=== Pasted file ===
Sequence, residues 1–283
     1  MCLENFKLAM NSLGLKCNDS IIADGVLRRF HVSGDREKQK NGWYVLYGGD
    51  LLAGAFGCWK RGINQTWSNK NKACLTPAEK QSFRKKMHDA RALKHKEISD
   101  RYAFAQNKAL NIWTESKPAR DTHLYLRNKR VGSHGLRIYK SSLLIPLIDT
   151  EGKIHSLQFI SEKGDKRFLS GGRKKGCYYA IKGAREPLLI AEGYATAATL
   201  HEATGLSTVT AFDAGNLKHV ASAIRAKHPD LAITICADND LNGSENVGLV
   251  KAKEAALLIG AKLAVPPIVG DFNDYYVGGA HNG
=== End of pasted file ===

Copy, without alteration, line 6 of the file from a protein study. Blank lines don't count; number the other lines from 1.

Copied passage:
   201  HEATGLSTVT AFDAGNLKHV ASAIRAKHPD LAITICADND LNGSENVGLV